Retirement planning is no small task. As life spans increase, you may have to add caring for your aging parents to your own list of retirement concerns.
There’s a potential retirement crisis in the offing and it’s not necessarily your own. As you map out your plans for financial security in an uncertain future, you should also be thinking about caring for aging parents.
Why? Because people are living longer—and it’s surprising even them.
According to the Social Security Administration (SSA), men who reach 65 today can expect to live, on average, to age 84.3. Bump that even higher for women, who can expect to live until, on average, age 86.7. And, as the SSA reminds us, those are just the averages—one out of every four 65-year-olds today will live past age 90, and one out of 10 will reach 95 or older. Living longer can mean added health care and long-term care costs, including sometimes-pricey in-home services or perhaps nursing home costs, that may stretch an entire family’s savings.
In other words, there’s a growing need for income that is guaranteed to last a person’s entire life, as many people are living longer and are concerned about outliving their assets. While there are a number of alternatives regarding how to handle long-term care expenses, here are two:
Many Gen Xers and the Ys right behind them already know these longevity statistics and are factoring them into retirement planning. Younger Boomers, too. Their parents, however, didn’t necessarily count on living this long, and many of them are ill-prepared. According to a 2018 study by the National Bureau of Economic Research, a mere 10% of the elderly have long-term care insurance. Are your parents among them?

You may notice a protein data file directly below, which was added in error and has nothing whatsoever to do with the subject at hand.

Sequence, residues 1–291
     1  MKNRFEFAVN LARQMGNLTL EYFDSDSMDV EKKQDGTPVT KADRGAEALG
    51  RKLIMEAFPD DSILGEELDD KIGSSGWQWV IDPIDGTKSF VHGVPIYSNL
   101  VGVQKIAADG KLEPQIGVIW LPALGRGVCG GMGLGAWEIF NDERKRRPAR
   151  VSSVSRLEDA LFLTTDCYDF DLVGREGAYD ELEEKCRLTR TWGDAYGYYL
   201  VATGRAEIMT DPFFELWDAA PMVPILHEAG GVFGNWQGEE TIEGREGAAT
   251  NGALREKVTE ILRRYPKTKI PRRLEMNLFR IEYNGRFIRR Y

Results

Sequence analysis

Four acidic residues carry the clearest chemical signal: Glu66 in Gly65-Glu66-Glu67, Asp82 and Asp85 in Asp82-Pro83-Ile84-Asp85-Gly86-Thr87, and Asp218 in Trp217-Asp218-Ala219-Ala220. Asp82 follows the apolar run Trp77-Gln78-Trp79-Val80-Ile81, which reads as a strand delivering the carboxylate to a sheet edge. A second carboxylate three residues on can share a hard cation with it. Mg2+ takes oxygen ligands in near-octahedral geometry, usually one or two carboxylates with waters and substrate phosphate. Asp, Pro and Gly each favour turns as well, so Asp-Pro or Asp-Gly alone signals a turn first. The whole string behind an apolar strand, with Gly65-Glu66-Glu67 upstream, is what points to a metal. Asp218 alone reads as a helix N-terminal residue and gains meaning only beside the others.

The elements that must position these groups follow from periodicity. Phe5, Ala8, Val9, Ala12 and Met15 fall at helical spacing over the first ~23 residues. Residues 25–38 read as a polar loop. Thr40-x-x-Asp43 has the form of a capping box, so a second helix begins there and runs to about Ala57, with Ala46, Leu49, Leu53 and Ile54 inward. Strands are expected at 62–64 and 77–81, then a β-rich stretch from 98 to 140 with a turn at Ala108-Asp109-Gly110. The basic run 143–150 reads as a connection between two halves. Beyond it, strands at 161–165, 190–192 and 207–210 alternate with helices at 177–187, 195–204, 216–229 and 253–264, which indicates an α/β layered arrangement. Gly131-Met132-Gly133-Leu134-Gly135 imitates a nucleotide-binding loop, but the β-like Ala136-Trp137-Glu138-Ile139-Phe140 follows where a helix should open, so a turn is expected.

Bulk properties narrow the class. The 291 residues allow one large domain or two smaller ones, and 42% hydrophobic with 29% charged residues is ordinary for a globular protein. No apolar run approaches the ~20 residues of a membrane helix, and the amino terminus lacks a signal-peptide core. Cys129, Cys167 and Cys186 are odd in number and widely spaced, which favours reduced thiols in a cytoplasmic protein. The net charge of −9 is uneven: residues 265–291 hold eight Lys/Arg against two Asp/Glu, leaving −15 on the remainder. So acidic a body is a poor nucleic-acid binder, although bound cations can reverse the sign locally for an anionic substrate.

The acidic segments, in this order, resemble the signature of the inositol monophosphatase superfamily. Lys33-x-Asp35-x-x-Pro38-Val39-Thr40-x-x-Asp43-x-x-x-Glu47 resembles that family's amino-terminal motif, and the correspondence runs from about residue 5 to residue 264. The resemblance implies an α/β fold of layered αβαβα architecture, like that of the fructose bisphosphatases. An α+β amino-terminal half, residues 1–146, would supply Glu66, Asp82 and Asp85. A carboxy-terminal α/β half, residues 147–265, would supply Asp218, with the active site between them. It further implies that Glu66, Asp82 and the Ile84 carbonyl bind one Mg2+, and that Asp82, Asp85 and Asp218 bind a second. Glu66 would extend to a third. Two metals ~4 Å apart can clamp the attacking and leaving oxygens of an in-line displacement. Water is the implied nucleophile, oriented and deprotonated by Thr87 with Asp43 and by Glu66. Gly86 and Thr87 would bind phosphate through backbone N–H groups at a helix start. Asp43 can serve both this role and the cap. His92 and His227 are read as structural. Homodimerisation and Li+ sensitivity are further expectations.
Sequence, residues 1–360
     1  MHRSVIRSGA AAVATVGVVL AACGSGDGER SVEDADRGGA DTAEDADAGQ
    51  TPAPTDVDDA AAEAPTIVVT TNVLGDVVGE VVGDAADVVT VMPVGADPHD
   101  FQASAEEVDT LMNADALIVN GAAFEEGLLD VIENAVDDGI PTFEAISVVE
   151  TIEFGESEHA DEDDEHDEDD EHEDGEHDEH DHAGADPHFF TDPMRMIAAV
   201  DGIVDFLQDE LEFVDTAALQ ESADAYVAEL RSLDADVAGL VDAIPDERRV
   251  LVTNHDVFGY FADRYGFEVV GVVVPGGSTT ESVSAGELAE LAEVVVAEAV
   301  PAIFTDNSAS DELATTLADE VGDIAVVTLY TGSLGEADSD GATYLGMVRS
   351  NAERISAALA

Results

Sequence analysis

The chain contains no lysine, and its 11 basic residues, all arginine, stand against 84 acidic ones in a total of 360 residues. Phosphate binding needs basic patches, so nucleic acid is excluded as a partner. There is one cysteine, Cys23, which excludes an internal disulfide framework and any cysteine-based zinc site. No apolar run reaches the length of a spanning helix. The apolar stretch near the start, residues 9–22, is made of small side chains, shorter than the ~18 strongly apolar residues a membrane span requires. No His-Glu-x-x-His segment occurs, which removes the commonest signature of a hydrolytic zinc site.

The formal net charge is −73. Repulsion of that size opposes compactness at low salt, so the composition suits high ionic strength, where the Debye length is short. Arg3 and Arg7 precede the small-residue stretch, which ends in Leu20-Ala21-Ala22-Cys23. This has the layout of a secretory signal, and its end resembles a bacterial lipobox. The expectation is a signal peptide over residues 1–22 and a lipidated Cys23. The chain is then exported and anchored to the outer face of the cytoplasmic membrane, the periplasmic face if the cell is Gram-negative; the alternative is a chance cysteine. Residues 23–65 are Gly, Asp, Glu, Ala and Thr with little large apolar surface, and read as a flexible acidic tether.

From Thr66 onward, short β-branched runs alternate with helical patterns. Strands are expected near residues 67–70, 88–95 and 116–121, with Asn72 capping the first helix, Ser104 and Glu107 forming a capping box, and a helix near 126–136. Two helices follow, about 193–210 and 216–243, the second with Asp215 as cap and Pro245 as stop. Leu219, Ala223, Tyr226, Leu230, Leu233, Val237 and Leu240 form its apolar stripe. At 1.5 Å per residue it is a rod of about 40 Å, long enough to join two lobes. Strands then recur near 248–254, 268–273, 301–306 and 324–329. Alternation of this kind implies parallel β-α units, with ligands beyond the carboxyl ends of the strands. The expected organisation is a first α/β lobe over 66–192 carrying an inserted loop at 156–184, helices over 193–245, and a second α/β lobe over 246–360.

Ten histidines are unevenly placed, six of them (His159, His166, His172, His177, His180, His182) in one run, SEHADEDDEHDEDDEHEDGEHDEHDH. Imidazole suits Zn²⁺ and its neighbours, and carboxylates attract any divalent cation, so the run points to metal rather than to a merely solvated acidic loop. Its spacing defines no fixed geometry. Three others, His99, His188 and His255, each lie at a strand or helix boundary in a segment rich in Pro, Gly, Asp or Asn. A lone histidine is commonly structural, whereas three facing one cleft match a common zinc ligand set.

They may be able to subsist on Social Security and/or a nice pension with some supplementary income through dividends or withdrawals from Individual Retirement Accounts (IRAs). But what happens when Alzheimer’s, mobility issues, or some other health curveball barrels in? What happens if the value of a home or an investment portfolio goes south just when those assets are needed most? That’s when the real financial pain begins. Caring for elderly parents can be very, very expensive.
Let’s look at the hard, cold facts about long-term care: It can eat up all your assets in no time at all.
Like real estate, the prices depend on location, location, location. The costs for similar care can vary greatly from one region to another, according to research by Genworth, the largest seller of long-term care insurance. This can mean large differences in the regional cost of insurance.
In Chicago, the average cost of a home health aide will set you back $24 an hour, according to the 2018 Genworth Cost of Care Survey. Just one year of that and the total bill rings up quickly to about $37,000—and that’s for only six hours per visit, five days a week. Someone else has to stand in the rest of the time.
It’s a little cheaper in Richmond, VA, where the per-hour price is $20, or a shade above $31,000 a year.
If Pop were put in a nursing home in Chicago, the average per-day price tag is $241, or about $88,000 a year. In Richmond, it’s pricier per day in a nursing home, at $260, or about $95,000 over the same period.
Let’s take it to Seattle, where the per-hour cost for in-home care comes in at a whopping $31.95 an hour, or $50,000 a year. And if a nursing home is needed, the prices spiral to $304 daily, or $111,000 a year.